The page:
Sixthly, St. Gabriel, the Angel Guardian of the Queen of Angels, was there, and with him the guardian Angels of St. Joachim, St. Ann, St. Joseph, the Angels of the city of Nazareth, of Jerusalem and of all Judea. Perhaps even all the Angels were present. At least, it is highly probable that there were a great number of all the nine choirs composing the innumerable army of these celestial spirits.

And, especially, I can readily persuade myself that those whom Divine Providence destined as guardians of the persons whom It foresaw would belong particularly to the Queen of Heaven by their special devotion towards her, were present on that solemn occasion and played therein a special part, by beginning to serve and honor her in the name and on the part of those whose tutelary Angels they should one day become. Finally, in the seventh place, we behold there by the light of faith, the three adorable Persons of the most Holy Trinity.

But let us consider what part these holy and divine persons took in the grand solemnity of the Presentation of our blessed Infant.

And, in the first place, let us observe what transpired in Mary, exteriorly and interiorly.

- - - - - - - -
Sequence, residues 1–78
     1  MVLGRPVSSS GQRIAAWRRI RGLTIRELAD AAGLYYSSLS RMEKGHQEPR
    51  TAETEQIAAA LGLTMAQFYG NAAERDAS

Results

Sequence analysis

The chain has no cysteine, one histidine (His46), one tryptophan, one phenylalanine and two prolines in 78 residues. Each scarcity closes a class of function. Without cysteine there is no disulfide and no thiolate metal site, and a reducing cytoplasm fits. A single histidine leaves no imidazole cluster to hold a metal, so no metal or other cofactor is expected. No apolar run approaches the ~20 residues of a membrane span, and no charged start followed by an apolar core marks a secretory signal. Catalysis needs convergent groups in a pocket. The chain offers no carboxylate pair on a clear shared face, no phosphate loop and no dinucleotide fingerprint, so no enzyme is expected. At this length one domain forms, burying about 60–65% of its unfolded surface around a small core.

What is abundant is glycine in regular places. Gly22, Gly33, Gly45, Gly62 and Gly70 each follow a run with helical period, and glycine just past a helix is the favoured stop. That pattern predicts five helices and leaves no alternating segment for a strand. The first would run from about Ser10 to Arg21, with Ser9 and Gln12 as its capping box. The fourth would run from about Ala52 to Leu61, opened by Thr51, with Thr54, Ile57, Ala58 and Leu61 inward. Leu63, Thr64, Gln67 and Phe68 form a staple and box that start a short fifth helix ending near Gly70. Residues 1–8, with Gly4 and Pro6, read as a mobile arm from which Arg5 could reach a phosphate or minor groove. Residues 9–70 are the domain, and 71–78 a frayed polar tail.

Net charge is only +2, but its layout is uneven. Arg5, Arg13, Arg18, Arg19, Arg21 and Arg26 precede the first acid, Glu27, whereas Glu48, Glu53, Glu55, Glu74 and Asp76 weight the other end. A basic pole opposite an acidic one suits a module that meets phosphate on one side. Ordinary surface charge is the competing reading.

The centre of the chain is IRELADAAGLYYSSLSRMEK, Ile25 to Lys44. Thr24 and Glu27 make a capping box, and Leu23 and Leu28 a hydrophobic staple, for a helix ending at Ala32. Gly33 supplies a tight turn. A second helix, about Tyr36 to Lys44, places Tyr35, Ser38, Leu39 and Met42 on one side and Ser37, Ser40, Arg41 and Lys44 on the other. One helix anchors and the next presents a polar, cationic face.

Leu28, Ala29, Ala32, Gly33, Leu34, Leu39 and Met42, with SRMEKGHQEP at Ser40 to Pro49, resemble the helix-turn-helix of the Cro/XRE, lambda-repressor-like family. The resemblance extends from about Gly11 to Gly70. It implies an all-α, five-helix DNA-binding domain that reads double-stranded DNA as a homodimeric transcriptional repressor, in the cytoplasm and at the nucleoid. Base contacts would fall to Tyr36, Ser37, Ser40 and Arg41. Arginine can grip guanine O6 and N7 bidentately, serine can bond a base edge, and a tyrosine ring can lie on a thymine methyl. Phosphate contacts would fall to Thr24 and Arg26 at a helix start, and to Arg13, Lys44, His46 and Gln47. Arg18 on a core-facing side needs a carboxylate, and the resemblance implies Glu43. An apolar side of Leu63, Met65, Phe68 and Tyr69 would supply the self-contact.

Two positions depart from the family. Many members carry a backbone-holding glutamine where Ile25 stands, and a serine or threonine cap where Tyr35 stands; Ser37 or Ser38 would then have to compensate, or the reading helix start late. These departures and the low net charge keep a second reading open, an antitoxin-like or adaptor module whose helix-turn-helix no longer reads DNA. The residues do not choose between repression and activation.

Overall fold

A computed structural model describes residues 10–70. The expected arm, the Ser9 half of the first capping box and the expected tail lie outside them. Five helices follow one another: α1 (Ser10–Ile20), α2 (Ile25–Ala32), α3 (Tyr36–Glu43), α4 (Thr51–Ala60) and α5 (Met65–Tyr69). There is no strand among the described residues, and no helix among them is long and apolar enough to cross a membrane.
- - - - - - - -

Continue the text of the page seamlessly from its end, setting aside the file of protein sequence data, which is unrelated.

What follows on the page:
From the first moment of her entrance into the Temples she realizes that she is in the house of God, a house not less holy than heaven and meriting the same veneration and respect, since the God of heaven makes His dwelling there. She persuades herself that she is as much in the presence of God as the Angels in the empyrean heaven, and, consequently, comports herself with marvelous reverence, piety and devotion. There is, in her deportment, nothing puerile nor childish; on the contrary, it is marked by profound recollection and angelic modesty. She does not gaze about; her eyes are modestly lowered. She observes profound silence, speaking only to God. This divine Infant is in the Temple, who is herself a true, living temple, the temple of the Divinity, more august and incomparably more holy than this material Temple. And, nevertheless, she humbles herself profoundly, esteeming herself unworthy to be in this holy place. Her demeanor is full of reverence. She does not stand nor recline upon silken cushions, although she is a royal princess; she does not seek ease upon the benches or chairs, but kneeling upon the pavement of the Temple, or prostrate with her face on the ground, she adores God. Such is her exterior.